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Baylor Health Care: From Integrated Delivery Network to Organized Delivery System

  • Robert J. Pickton
  • Frances C. Seehausen
Part of the Health Informatics Series book series (HI)

Abstract

The delivery of health care in the 1990s was focused on a managed care approach, which emphasized wellness and preventive care, as well as the need for providers to survive in a capitated market. Integrated delivery systems (IDSs) emerged to replace hospital systems, and many IDSs strove to promote functional integration in response to these demands. As experience revealed, however, many organizations found their information systems to be “woefully inadequate.” This recognition has led progressively to an evolution from systems focusing primarily on financial and operational functionality to Organized Delivery Systems (ODSs) that incorporate clinical requirements as well as a greater organizational vision and strategy.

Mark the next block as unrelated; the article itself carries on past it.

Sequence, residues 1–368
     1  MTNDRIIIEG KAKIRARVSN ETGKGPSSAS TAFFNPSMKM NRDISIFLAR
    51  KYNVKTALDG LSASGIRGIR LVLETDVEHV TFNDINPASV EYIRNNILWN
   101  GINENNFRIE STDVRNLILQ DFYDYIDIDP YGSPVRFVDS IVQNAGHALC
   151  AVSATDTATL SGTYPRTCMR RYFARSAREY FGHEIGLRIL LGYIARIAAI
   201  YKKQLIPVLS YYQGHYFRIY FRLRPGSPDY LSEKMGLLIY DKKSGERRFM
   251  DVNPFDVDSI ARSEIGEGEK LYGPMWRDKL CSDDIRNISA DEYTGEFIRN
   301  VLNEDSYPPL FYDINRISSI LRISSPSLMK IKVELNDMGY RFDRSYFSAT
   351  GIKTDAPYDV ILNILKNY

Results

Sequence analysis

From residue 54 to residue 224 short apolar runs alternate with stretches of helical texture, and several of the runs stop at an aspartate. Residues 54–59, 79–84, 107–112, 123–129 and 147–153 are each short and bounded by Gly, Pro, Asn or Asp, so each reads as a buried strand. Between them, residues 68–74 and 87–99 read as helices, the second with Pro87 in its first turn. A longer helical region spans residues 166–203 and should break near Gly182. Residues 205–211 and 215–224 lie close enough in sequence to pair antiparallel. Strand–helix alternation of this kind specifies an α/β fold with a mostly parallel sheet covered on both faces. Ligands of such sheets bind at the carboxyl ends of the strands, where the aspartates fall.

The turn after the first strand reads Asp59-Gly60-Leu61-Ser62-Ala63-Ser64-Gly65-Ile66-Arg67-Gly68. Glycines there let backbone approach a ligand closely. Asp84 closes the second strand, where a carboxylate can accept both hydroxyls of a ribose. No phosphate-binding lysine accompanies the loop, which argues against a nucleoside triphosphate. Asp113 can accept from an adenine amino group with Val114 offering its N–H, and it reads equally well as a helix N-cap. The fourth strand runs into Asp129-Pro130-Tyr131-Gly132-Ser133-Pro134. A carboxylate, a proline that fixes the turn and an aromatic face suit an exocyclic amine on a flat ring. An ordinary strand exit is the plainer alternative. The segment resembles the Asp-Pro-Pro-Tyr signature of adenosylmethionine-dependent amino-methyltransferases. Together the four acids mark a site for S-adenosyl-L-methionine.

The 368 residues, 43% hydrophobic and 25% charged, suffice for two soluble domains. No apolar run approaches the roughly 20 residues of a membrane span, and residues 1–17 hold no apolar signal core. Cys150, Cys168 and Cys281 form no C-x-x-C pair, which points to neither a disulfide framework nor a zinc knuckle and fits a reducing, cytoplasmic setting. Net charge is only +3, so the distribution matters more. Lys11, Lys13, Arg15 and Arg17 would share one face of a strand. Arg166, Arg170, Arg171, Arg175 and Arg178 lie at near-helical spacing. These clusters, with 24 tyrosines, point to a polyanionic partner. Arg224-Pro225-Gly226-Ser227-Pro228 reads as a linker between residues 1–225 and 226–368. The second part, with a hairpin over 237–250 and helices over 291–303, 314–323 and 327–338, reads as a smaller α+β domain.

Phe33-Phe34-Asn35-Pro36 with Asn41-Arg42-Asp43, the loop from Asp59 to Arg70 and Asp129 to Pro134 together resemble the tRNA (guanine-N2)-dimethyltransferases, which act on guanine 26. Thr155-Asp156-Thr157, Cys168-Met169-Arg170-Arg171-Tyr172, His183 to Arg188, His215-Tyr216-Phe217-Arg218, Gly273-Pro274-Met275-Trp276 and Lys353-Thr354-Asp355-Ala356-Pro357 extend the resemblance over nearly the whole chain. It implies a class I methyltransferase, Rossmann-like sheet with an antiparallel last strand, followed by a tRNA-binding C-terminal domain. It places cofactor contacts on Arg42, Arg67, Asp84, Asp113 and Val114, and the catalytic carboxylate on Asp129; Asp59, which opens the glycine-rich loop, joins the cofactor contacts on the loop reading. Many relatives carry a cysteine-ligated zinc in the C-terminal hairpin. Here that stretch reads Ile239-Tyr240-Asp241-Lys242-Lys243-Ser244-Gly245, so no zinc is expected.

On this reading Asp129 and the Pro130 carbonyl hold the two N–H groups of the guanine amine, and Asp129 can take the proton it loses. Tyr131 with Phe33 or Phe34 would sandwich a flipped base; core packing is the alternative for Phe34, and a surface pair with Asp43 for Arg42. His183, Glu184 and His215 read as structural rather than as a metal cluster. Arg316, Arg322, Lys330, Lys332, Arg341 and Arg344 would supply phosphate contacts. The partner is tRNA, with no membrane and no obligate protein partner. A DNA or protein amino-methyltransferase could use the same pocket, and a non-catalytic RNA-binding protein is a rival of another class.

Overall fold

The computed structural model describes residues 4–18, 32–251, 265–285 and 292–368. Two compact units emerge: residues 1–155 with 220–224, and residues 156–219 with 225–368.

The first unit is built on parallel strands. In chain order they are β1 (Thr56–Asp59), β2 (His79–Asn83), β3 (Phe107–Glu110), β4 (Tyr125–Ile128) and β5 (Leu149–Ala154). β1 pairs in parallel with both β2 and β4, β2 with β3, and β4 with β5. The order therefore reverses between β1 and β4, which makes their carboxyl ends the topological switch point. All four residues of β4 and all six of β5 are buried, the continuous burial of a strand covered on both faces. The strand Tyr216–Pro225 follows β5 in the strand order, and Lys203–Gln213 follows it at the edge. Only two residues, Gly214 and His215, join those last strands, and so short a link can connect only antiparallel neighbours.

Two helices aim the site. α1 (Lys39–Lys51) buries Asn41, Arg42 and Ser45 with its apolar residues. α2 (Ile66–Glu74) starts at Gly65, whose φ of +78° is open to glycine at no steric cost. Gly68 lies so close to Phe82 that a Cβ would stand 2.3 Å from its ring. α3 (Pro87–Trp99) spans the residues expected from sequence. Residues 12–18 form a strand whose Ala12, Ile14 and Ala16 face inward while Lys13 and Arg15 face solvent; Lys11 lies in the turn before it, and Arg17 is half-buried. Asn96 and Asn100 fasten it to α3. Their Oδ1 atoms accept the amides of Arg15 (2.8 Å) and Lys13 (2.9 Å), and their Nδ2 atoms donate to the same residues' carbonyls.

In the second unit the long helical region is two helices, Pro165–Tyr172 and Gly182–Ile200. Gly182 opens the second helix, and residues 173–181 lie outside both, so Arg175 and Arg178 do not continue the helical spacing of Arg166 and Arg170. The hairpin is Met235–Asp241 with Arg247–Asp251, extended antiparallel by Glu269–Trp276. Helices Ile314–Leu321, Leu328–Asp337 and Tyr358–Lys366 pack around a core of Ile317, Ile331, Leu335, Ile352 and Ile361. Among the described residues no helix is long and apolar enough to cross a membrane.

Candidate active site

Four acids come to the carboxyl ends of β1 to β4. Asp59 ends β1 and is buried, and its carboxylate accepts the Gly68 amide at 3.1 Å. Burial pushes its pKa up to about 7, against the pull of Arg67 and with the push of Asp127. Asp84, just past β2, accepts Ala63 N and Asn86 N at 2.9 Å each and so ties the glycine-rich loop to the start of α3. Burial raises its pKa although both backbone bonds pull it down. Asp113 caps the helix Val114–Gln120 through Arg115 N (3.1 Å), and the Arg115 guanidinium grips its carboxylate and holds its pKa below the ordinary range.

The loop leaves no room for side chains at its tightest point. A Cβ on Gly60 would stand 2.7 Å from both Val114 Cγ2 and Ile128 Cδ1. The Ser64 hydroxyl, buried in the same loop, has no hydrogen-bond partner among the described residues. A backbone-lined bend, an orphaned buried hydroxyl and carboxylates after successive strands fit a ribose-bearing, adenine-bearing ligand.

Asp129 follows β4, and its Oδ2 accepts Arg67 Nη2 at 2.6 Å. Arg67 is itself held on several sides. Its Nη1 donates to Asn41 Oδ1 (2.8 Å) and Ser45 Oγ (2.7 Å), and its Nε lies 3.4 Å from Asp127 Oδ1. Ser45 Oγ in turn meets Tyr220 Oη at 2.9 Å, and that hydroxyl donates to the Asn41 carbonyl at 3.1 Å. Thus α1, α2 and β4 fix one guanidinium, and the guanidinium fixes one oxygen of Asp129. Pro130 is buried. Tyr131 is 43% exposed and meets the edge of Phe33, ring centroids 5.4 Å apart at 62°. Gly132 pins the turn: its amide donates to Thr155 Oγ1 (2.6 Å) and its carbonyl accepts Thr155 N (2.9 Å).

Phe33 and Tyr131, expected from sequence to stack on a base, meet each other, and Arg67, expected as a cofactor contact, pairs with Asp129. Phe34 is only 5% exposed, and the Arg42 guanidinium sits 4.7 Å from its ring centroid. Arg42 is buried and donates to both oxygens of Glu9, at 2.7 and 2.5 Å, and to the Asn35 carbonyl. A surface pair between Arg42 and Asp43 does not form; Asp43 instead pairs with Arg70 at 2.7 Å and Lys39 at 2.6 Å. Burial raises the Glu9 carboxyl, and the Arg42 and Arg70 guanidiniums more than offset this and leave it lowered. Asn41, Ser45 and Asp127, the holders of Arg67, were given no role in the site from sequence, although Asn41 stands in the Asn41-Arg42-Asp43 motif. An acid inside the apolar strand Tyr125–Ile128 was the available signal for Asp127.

Keywords

Security Program Enterprise Data System Clinical Integration Integrate Delivery System Enterprise Data Warehouse 
These keywords were added by machine and not by the authors. This process is experimental and the keywords may be updated as the learning algorithm improves.

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References

  1. 1.
    Shortell SM, Gillies RR, Anderson DA, Erickson KM, Mitchell JB. Remaking health care in America: building organized delivery systems. San Francisco: Jossey-Bass; 1996.Google Scholar
  2. 2.
    Shortell SM, Gillies RR, Anderson DA, Erickson KM, Mitchell JB. Remaking health care in America: the evolution of organized delivery systems, second edition. San Francisco: JosseyBass; 2000.Google Scholar
  3. 3.
    Dvorak RE, Holen E, Mark D, Meehan WF. Six principles of high-performance IT. The McKinsey Quarterly 1997; number 3.Google Scholar

Copyright information

© Springer Science+Business Media New York 2004

Authors and Affiliations

  • Robert J. Pickton
  • Frances C. Seehausen

There are no affiliations available

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